Let's keep on with our back-to-the-basics approach of the last week or two and talk about some of the simple, basic skills that everybody should learn if they want to improve the way they eat and cook. Today, the topic is going to be fruit--specifically, how to choose the best fruit from that big, appealing pile at the market.
This is a skill that you have to practice, but it definitely gets easier with time. Whether you decide to choose local, organic, or conventional is a decision I will leave up to you. This is about making sure that when you go shopping, you find the best, ripest, tastiest fruit out there.
When it comes to shopping for produce, you have a huge starting advantage: you are made to be good at choosing good produce! The human body is a hunting-gathering machine, and picking good fruit out at the store is, at its most basic, just a question of learning how to use and listen to the senses you already have.
Remember, fruit will never taste as good out of season. Just because you can get strawberries from Mexico at Christmastime doesn't mean you should. They won't taste as good as you want them to.
Sadly, unless you are fortunate enough to be shopping at a market that regularly gives out samples, this is the sense you will use least. The best best best way to choose good fruit is to taste it first. You know better than anybody what tastes good to you, but I personally look for fruit that is sweet without being too sweet, tart without making me pucker, and juicy without tasting watery.
I never buy anything without touching it first. That goes for everything at the grocery store, but also books, fabric, home accents--you name it.
There are a couple of different kinds of fruit, and there are different touch guidelines for each type, so I'm going to break it down simply and explain how I personally categorize these.
Hard fruits: This mostly includes things like watermelon and honeydew, but also apples and some varieties of pear and nectarine. These should be quite firm to the touch. Don't worry about bumps or veins on the surface of melons--they won't get through to the meat. Soft spots mean trouble here, in the form of bruises, which will lead to rot.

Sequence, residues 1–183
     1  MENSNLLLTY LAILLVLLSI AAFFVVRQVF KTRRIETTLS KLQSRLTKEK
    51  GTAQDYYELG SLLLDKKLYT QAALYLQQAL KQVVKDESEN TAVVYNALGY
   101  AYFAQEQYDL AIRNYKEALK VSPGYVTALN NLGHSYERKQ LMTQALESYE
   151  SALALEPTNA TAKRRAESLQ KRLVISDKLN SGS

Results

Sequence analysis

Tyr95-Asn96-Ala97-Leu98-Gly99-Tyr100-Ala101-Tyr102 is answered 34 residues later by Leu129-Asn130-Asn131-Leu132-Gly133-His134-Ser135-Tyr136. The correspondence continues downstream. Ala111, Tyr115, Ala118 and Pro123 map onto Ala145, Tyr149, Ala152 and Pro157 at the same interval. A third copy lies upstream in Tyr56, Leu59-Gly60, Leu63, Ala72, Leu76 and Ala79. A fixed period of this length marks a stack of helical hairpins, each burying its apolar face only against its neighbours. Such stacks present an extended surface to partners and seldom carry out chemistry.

Soft fruits: Soft varieties of pear, cantaloupe, tomatoes, mangoes, avocados, peaches, plums, and anything else similar that I'm forgetting right now. You will notice that most of these are stone fruits. When you touch them, these should not be too firm. When you pick up one of these fruits, it should feel instinctively obvious to you that if you poked it with your finger, it would dent the fruit and possibly break the skin. If you can't dent it with very light pressure, it isn't really ripe yet. If the skin splits or has already split, it is too ripe.
Note: Peaches are among the fruits most likely to contain high levels of pesticides due to their soft skin. If you eat conventionally grown peaches, be sure to wash very well with soap and water.
Citrus fruits: I love citrus fruits. If you are picking citrus fruits, make sure again that there are no soft spots. These should be softer than hard fruits but firmer than soft fruits. Pick several that are all the same size and weigh them in your hands--the heaviest one will almost always be the juiciest and best.
This is such an important part of the selection process! Good fruit will have a lot of rich color to it. If something looks pale and washed-out, it will probably taste that way as well, except for citrus fruits which are better judged by smell and feel. Buy fruit that you love to look at because it is beautiful--you love it because something in your brain is hard-wired to respond to the sight of good fruit with pleasure.
Even if you don't think about it, this is something you are already good at doing if you have ever chosen a banana by its spot on the green to yellow spectrum.
Check for brown spots, bruises, and mold. Bruised fruit will always rot sooner than undamaged fruit, and one piece of bad fruit can ruin a bagful. Don't be afraid of irregular shapes.
Good fruit smells good. Smell everything (although for the sake of your fellow shoppers, try to avoid actually smashing your nose into the fruit). Under-ripe fruit will not have a strong scent yet. Over-ripe fruit will smell strong and sometimes kind of gross.
It may take you some time to get used to really identifying when a fruit smells its best. I still can't do it with some fruits that I rarely buy, like kiwi. However, nearly all fruits will smell good when they are ripe. Don't be afraid to get up in there and start sniffing out the best ones. You will be rewarded with delicious flavor.
That's right. Even your sense of hearing can help you pick better food in some cases.
Mr. Scrimp is a master melon buyer. I have never known anybody better than he is at picking the best melon every time. And he does it by listening.
What do I mean? Well, a good melon will sound hollow when you tap it with your fingers. Again, don't be afraid--get right up in there, put your ear to the melons, and tap away. Find the one that satisfies all five of your senses and I promise you will be happy with the result.
You know how to do this!
You may not realize it, but you already have the instinctive skills to be good at this, even if they are untrained and uncertain. Now get out there and start practicing!
This blog post is part of the Traditional Tuesdays linkup at Real Food Whole Health